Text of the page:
At its core, Kansas' new deal with ESPN3 is under the umbrella of the school's seven-year agreement with IMG worth $6 million annually for its third-tier television, multimedia and advertising rights.
But the Jayhawks are aiming higher than traditional contract-speak because of some key phrases in the Tuesday release: Apps. Smartphones. Tablets. Apple TV. WatchESPN. ESPN on Xbox LIVE.
The deal will include a minimum of 70 games and events across multiple sports broadcast through traditional means -- either locally on Time Warner Cable or on the ESPN3 channel. The 70 events will include one football game and four men's basketball games.
But it also prepares KU for the possible -- or inevitable -- change in how consumers who cling to conventional satellite/cable models will watch college sports. These games can be found in several places that don't involve a cable cord.
Better to highlight the change instead of hiding from it, KU says.
“That was our thought process,” said Jim Marchiony, Kansas' associate athletic director of external affairs. “This is a growing industry. We want to be at the forefront of that. We're not going to be watching TV 10 years from now the way we are now. This addresses that.”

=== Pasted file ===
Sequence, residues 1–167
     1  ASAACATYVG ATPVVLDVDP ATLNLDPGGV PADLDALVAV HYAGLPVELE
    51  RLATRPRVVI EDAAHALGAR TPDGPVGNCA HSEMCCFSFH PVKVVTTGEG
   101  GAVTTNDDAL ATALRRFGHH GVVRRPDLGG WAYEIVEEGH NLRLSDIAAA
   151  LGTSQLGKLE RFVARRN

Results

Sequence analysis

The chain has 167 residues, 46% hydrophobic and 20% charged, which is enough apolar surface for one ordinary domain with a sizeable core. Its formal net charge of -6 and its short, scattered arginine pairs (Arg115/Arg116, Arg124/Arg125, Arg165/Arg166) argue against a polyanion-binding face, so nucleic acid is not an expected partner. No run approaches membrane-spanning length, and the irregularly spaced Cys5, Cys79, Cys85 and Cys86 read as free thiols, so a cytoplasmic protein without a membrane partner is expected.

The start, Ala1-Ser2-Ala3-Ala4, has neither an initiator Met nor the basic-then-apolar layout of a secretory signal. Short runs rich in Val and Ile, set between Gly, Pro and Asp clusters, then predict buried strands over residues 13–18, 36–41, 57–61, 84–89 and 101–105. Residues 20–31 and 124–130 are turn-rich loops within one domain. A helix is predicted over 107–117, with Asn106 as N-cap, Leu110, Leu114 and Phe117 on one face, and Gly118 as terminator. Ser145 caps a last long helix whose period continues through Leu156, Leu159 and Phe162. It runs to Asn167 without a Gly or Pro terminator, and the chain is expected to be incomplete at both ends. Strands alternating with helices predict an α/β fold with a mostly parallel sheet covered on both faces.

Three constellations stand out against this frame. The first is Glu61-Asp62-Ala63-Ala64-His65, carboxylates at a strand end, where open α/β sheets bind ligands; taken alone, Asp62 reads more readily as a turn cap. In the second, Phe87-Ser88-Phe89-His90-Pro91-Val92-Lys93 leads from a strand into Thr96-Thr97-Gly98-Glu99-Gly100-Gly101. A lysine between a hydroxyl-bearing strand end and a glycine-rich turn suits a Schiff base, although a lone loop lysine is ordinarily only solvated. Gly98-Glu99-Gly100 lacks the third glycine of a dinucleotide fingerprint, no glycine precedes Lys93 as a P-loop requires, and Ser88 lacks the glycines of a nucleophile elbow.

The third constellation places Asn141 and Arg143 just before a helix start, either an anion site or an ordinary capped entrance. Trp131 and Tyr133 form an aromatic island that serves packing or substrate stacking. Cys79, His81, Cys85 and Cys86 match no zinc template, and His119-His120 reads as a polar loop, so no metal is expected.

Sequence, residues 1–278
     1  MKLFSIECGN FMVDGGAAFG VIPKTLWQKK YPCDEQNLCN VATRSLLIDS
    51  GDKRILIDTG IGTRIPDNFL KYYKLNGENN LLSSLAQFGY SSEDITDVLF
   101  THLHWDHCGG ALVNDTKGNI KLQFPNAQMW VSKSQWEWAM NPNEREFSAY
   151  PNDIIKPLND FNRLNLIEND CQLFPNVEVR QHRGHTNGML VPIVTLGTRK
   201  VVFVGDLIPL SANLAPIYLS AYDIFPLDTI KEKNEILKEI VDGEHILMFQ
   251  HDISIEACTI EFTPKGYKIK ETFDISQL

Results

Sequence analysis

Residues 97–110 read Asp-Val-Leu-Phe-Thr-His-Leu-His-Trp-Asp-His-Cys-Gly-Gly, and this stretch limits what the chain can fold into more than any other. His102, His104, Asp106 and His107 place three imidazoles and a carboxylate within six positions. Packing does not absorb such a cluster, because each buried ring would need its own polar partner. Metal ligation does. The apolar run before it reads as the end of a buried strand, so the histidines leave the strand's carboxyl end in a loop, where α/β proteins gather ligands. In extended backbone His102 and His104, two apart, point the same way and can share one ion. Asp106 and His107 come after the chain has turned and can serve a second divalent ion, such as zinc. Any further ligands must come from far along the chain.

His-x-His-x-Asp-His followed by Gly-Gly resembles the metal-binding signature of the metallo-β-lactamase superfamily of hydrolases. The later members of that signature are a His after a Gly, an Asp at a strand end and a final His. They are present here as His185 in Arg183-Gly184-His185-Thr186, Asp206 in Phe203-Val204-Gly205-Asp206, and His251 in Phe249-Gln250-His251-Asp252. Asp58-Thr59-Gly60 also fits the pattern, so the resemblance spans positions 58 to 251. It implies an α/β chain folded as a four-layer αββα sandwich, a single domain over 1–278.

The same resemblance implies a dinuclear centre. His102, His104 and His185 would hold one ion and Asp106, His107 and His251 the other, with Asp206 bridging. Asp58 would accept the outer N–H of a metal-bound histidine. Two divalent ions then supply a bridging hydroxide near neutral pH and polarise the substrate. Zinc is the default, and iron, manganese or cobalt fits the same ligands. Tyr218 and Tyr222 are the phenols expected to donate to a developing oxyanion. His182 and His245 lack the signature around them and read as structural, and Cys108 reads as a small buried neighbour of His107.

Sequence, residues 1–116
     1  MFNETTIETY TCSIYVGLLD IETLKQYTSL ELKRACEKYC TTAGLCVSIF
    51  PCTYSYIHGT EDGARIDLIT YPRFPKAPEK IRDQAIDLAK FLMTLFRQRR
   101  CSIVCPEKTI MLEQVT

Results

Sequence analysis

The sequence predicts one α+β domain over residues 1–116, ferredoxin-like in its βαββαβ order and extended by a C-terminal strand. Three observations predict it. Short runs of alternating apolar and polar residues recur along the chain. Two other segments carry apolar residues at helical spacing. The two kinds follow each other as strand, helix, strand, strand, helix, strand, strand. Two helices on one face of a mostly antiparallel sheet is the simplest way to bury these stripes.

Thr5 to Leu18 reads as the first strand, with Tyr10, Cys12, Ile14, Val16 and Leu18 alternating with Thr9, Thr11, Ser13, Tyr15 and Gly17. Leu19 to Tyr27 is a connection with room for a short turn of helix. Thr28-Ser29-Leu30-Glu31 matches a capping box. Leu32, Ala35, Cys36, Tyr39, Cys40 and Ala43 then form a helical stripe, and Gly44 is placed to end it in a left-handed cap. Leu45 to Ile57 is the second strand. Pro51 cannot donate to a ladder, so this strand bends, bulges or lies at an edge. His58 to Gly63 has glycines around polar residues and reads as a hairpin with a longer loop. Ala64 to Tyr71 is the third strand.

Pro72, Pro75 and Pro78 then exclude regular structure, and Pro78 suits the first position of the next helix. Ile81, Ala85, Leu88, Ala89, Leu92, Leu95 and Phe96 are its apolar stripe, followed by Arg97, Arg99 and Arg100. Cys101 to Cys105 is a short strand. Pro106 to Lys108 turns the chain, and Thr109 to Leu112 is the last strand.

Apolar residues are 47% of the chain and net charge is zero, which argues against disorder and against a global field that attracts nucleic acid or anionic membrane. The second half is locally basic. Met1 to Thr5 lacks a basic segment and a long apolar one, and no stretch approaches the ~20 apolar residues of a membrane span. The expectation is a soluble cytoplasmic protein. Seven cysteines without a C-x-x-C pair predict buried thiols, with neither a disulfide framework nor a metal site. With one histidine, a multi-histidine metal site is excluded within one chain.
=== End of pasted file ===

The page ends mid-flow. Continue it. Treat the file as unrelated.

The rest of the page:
KU isn't the only one adapting. Talk to the Big Ten Network folks, for example, and they'll pump their BTN2Go project for live streaming and on-video demand. It's another way to build the brand on new platforms. If people don't watch you under traditional deals, you'd rather they go to the websites or apps that you want to promote.
Locally, Kansas calls this programming the “Jayhawk Network” because that was the plan all along for in-state broadcasting. But don't get it confused with Texas' Longhorn Network. This isn't 24-hour broadcasting. It's a set number of games used in creative ways.
Other schools could follow Kansas' model, but not that many have third-tier rights available. Conferences with their own networks are gobbling up their schools' rights to tie into 24-hour programming. The Big 12 is the only power conference without plans for its own channel.
“I think it's unique -- I don't know if we're the only ones. It certainly works for us,” Marchiony said. “We want to make these events available as widely as we can.”